Grace's Guide

British Industrial History

Blair and Co

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of Norton Road, Stockton-on-Tees

1855 George Blair was appointed manager of engine maker Fossick and Hackworth

1865 in the spring Blair was made a partner and the company became Fossick, Blair and Co when Hackworth retired.

Around 1866 the company became Blair and Co. George Blair was responsible for the expansion of the works to specialise in marine engines. At this time the company had 700 employees (later to rise to 2,000) and covered an area of seven and a half acres.

1869 The first compound marine engine on the Tees was built by Blair's in January and fitted to the "Glenmore" built by Backhouse and Dixon.

1869 Engines for SS Australian. [1]

1884 the company produced its first triple expansion engine for the "Burgos" built by Richardson, Duck and Co.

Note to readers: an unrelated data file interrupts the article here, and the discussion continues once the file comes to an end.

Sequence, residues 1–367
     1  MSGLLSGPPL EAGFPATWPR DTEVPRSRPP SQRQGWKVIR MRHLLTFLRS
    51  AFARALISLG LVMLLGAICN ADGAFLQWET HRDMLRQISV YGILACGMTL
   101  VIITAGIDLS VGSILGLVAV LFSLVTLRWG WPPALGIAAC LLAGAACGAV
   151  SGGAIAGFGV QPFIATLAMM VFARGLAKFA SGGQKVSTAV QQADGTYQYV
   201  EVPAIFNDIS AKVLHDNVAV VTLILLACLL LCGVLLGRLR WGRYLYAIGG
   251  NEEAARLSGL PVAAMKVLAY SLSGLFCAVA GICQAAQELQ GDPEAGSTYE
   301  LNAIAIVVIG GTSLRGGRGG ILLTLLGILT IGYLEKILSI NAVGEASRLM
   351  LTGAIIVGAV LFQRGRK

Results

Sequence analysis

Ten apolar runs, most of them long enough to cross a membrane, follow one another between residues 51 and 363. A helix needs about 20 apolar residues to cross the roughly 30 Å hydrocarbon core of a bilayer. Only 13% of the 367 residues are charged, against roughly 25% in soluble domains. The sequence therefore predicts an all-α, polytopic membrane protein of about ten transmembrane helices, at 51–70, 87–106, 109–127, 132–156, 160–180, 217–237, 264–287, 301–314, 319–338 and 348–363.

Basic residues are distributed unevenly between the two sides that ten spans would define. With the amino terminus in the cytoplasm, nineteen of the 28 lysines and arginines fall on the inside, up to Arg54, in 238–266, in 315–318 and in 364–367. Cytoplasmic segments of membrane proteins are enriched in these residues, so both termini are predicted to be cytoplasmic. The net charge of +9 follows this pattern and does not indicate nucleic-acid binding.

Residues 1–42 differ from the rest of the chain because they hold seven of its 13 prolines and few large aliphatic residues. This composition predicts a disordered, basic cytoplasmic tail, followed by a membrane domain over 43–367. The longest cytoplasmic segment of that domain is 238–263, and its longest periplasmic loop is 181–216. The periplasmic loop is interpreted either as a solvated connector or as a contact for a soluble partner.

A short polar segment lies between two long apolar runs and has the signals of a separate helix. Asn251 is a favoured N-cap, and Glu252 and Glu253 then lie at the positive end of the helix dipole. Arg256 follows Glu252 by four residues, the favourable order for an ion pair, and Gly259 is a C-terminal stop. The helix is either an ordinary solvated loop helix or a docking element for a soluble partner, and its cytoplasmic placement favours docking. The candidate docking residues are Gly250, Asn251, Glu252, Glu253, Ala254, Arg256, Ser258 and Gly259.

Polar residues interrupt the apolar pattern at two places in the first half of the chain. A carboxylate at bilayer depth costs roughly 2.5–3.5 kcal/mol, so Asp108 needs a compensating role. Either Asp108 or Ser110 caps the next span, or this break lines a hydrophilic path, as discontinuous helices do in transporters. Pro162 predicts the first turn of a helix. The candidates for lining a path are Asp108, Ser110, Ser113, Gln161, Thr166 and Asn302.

1887 the sheerlegs, which were to become a Stockton landmark for many years were errected at a cost of £2,695. These shearlegs were capable of lifting up to 100 tons and were sighted near the river to lift marine engines into newly built ships.

1899 See 1899 Shipbuilding Statistics for details of production this year.

1900 The company was registered on 28 June, in reconstruction of a company of the same title, to take over a business of marine engineers. [2]

By 1914 almost 1,400 marine engines had been built. At least 340 for Pearse and later Ropner, 240 for Richardson, Duck and Co and 103 for Thomas Turnbull at Whitby. A total of 75 engines were built during the First World War.

1914 Directory: Listed as Marine Engineers. [3]

1919 The company was taken over by Gould Steamships and Industrials which was in turn wound-up in 1926[4].

See Also

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Sources of Information

  1. The Engineer 1869/04/02
  2. The Stock Exchange Year Book 1908
  3. Kelly's Directory of Durham, 1914 p660
  4. Lloyd's Law Reports [1]
  • [2] Wreck Site